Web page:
One Friday afternoon a man passed through Adelaide airport on his way home after a business trip. The man, who was blind from birth, was traveling with his guide dog.
At the airport security screening point — it is alleged — the man was rudely refused access to the body scanner, and was told to proceed through the walk-through metal detector, with his guide dog put through separately. He was then asked to submit to a pat-down search, though a colleague traveling with him questioned why it was required, as only his dog’s metal harness had triggered the alarm. A screening supervisor who was called over after the fact later agreed that only the dog needed the pat-down search.
The man stated later to the media that he felt humiliated and distressed by not being allowed to proceed through the body scanner and by his subsequent treatment, though by his own account he acknowledged it wasn’t the worst discrimination he’d ever faced.
However, it was, he noted, part of a pattern of discrimination he’d faced time and again when traveling through airport security screening points, which had included being physically pushed back through a body scanner by a screening officer and being on the receiving end of multiple disrespectful and negative comments.
Adelaide airport apologized for the incident. It was not in keeping with their expected high standards of customer service. Indeed, as they pointed out, the airport has a range of policies and programs in place to assist people with disabilities, including having a Guide Dogs trained dog based at the terminal to support travelers who needed extra assistance navigating the terminal.
The problem for Adelaide airport was that the businessman was Graeme Innes, the former Australian disability discrimination commissioner, former Australian human rights commissioner, and a member of the Order of Australia. He knew a thing or two about discrimination.
The problem for Mr. Innes was that the screening officers did nothing wrong. Apart from perhaps displaying less than optimal customer service skills, they were adhering to their standard operating procedures, which in turn had been derived from the legal requirements for screening in Australia.
And so, in a situation where the airport has systems in place to do the right thing, the screening officers involved were doing the right thing, and the passenger themselves was well traveled and well informed, how could it go so wrong, and why does it go so wrong so often?
The intersection between aviation security and facilitation is always a challenging one, and the balance between the smooth flow of passengers and the delivery of aviation security outcomes can be hard to achieve even when facilitating the movement of ‘able-bodied’ passengers from curbside to the aircraft.
So, what happens when passengers with disabilities (physical, psychological, obvious and hidden) arrive in this space?
There are no shortages of examples around the world of people with disabilities receiving less than optimal service at screening points. The inappropriate handling of passengers in wheelchairs, separation of people from their assistance animals, and subjecting people with sensory issues to physical searches being among the more commonly raised complaints.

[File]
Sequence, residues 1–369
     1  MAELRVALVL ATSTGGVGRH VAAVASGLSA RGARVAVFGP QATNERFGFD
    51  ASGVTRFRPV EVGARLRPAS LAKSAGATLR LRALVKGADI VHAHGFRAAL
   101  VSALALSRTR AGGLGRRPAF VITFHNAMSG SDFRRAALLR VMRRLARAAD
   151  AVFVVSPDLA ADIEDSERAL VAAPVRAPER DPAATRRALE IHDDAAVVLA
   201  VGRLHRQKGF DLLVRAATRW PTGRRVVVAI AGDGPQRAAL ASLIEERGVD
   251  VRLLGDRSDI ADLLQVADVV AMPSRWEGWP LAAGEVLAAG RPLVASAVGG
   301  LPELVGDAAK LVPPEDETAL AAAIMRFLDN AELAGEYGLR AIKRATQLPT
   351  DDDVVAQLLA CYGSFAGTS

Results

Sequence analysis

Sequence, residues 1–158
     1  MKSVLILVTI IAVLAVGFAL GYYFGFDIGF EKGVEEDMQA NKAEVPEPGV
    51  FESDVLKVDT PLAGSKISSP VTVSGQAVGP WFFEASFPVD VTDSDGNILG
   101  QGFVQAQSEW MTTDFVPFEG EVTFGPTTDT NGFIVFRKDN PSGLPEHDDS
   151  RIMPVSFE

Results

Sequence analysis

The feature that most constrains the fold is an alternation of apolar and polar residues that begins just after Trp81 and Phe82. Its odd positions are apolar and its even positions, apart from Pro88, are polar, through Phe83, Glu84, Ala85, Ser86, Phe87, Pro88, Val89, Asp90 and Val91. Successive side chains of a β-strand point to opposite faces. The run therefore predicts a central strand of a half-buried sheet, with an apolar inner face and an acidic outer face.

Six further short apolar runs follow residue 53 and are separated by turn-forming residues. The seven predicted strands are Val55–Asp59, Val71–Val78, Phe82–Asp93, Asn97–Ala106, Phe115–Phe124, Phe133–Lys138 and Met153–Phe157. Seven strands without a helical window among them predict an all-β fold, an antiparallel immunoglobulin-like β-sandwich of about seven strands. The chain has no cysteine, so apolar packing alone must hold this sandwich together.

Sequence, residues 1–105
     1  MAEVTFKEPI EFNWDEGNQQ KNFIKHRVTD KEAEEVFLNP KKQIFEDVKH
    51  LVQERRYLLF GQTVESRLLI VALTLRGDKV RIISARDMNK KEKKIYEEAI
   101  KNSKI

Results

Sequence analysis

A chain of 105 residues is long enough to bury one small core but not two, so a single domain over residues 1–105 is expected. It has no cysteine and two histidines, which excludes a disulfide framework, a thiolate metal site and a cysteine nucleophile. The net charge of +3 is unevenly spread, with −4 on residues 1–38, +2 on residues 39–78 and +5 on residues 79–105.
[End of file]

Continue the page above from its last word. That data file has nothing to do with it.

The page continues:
Given around 20 percent of people have some form of disability, and given the often minimal training security screeners are given regarding the facilitation of passengers with a disability, what can screening providers and airports do to better meet the needs of this substantial slice of the traveling public?
Screening points are, at their core, not designed to accommodate difference, but are designed based on the somewhat shaky assumption that, give or take some height and weight differences, everyone who turns up at a screening point is basically the same, understands what is required of them, can prepare themselves unaided, and can ambulate unassisted through the screening process.
For the 45-year-old CEO who flies eight times a month, this is correct. But what about the retired 75-year-old who has never flown before? Even as an ‘abled-bodied’ passenger, his ability to navigate the screening process as an inexperienced passenger is not the same as the CEO.
Add in some other people: a father traveling with two young children, a tourist who doesn’t speak the language, a person traveling with the cremated remains of a loved one, a group of semi-intoxicated people on a rugby trip. All of these people present differently at a screening point, will have vastly different understandings of what is required of them, and vastly different capacities to comply.
Now, let’s mix in ‘obvious’ disabilities such as deafness or blindness, and people using wheelchairs or mobility aids who need additional time or help through the process. This adds an additional layer of complexity.
But we also need to consider that of the estimated 20 percent of travelers who have some form of disability, between 80 to 90 percent of them will have what is considered an invisible or hidden disability. This will include, amongst others, multiple sclerosis, autism, attention deficit hyperactivity disorder, arthritis, brain injuries, bleeding disorders, mental illnesses, respiratory conditions, speech impairments, diabetes, epilepsy, anxiety, cognitive and learning disabilities, chronic pain, and fatigue.
It turns out people who turn up at screening points really aren’t the same at all.
On the screener side, then, there must be some sympathy.
The expectation that a screening officer, whose primary role is to ensure no threat to security makes it to the aircraft, is also going to have an encyclopaedic knowledge of every disability they may encounter, is unrealistic at best.
In addition, screeners also spend much of their poorly paid shift getting yelled at by people who didn’t know they can’t take a full water bottle through the screening point because the rule has only been in place for 15 years.
It’s probably also busy, and noisy, and the screening point is cramped, and three screeners are off sick, and staff turnover is 35 percent a year so most of the screeners are new.
And while there are some screening organizations that prioritize customer service and the passenger experience, the vast majority of screeners are focused on their primary task — protecting the aircraft from threats — and the customer experience is a secondary consideration.